SIGNIS Projects: new equipment to promote spiritual well-being from Radio Faraja FM, Tanzania
Every year, SIGNIS screens project applications on media training, equipment, and production for subsidy from the Pontifical Society of the Propagation of the Faith (PSPF). In 2020, we launched the signisprojectapplication.net online portal, successfully switching from a paper-based to a fully digital application process and making it easier for applicants from all over the world to submit their projects.
That same year, the Diocese of Nakhon Sawan in Thailand sent us a project proposal for a six-day training programme on social media usage targeted at young people. In this interview, Fr. Thomas Thossapon Narinruk tells us more about how the programme teaches the youth media literacy skills and help them gain knowledge on the dangers of social media and misinformation.
Could you tell us more about the human impact the project will have on your community?
Fr. Narinruk: The project raises the awareness of young people by showing them how spreading fake news can harm others. Most of the time, young people are only interested in using social media for entertainment, consuming content, and bullying. Social media is part of their reality and make them believe that they enjoy freedom, but only God can provide true freedom. The project will bring them to the reality that the Catholic Church consistently affirms the Good News in every circumstance. The Church can always provide guidance in their lives.
How do you see the situation in your community once the project is implemented?
Schools participating in the training programme will be able to set up regulations for students on how to use social media in correct ways, such as choosing the right channel, managing the time spent on social media, setting priorities for daily activities, etc. These regulations can prevent and protect students from the risk of being trapped by social media. Young people who participate in the activities of this project gain knowledge and understanding of the reality of social media. As Catholics, having social media expertise or a good understanding of social media and its effects has made a difference in how we communicate with the young generation. They also come to realise our goals, hopes and good wishes for them. The project has reduced the burden on schools, executives, teachers and parents.
What can you tell us about the community where the project is taking place?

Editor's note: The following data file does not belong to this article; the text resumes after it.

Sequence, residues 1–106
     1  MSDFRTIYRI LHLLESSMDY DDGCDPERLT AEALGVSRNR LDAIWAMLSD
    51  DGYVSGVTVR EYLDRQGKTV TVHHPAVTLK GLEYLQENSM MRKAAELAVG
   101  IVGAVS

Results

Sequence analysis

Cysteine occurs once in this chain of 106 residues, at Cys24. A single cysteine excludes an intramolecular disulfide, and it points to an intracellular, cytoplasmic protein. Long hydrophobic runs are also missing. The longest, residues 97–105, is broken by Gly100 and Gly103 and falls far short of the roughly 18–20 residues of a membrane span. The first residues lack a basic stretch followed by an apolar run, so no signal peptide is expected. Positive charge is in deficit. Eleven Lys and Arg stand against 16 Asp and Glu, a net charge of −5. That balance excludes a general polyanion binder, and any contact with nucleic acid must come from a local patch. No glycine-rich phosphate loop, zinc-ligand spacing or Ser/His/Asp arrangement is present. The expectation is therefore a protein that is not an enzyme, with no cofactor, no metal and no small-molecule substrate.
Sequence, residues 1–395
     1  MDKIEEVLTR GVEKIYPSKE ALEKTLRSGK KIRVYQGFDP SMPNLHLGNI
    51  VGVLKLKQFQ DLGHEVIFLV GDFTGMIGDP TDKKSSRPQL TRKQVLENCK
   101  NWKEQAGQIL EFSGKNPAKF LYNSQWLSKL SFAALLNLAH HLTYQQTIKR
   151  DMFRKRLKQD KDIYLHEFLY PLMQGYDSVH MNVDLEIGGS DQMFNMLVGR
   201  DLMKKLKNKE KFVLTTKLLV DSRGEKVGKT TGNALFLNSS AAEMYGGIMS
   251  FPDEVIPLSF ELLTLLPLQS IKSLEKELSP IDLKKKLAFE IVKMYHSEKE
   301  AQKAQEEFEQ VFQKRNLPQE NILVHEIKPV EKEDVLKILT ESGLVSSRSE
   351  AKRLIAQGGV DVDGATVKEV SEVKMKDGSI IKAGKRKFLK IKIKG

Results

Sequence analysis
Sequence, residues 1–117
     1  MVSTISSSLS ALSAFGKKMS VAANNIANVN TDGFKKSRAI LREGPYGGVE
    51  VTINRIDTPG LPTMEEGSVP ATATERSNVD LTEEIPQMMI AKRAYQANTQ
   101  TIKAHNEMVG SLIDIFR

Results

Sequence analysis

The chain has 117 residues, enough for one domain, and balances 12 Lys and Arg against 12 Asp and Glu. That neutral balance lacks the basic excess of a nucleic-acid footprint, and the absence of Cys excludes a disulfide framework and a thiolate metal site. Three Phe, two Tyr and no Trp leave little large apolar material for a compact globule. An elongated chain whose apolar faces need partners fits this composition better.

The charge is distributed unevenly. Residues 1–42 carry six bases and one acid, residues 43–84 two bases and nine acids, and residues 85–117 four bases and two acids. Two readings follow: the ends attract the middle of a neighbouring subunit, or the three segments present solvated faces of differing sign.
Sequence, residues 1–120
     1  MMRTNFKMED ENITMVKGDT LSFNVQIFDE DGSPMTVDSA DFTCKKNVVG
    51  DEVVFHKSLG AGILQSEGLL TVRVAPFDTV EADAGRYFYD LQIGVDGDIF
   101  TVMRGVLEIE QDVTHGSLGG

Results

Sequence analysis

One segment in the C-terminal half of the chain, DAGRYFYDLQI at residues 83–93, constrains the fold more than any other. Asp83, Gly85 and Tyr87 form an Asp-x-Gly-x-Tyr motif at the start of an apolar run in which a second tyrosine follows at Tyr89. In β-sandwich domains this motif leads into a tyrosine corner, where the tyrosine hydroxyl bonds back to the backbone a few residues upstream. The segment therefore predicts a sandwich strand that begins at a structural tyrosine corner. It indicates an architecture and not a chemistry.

The community is located in the Diocese of Nakhon Sawan, which covers the upper central part of Thailand. The project will run activities for 2,500 students from five Catholic schools in five provinces: Nakon Sawan, Petchabun, Phitsanulok, Lopburi, and Uttaradit. There is a diversity of students and teachers from different beliefs, culture, language, and social classes. From the pastoral point of view, we need to create a learning space for school executives, parents, teachers, students, and other personnel to know and understand the Church’s determination and well-intentioned response to the risk of using social media, even if it is a bit too late.
What are your main objectives with this project?
We intend to solve the problems we are facing. We see that young people are stuck to social media, especially when it comes to games, entertainment, beauty content, and bullying, which may hurt the bullied person. We also see that they lack some ethics regarding how they ought to live their lives. The Thai education system seems to lack the process of instilling actual core values of life in young people, and Catholic schools must take over this task.
Is there an anecdote that you recall from these last months?
We received a very warm welcome and friendly collaboration from schools’ executives and teachers in joining us to organise the activities since they are experiencing and facing these problems but do not really know what to do and how to deal with them. One day, a male student of grade 5 has come up to Fr. Ongart Kaeser, the key organiser and resource person, and told him: “Father, now I know so from now on I will change myself. I will only play the game within a limited period of each day. I will take care of my health so that I can get good grades in my studies.”
Why do you think PSPF should continue to support these types of projects?
POF is the beginning of the Church’s journey. The project allows us to manifest what ordinary people need right now and provide knowledge and up-to-date information on social media. This is also important as social media has been a great tool during the Covid-19 pandemic. While our face-to-face meetings were limited, we still had the opportunity to meet online for several reasons: mass, sermon sharing, bible sharing, and reflection. Social media can also be used for sharing words of encouragement, motivation, and inspiration. And this project is also an opportunity for poor people to gain new valuable knowledge, learn skills to run businesses, and gain income for their survival.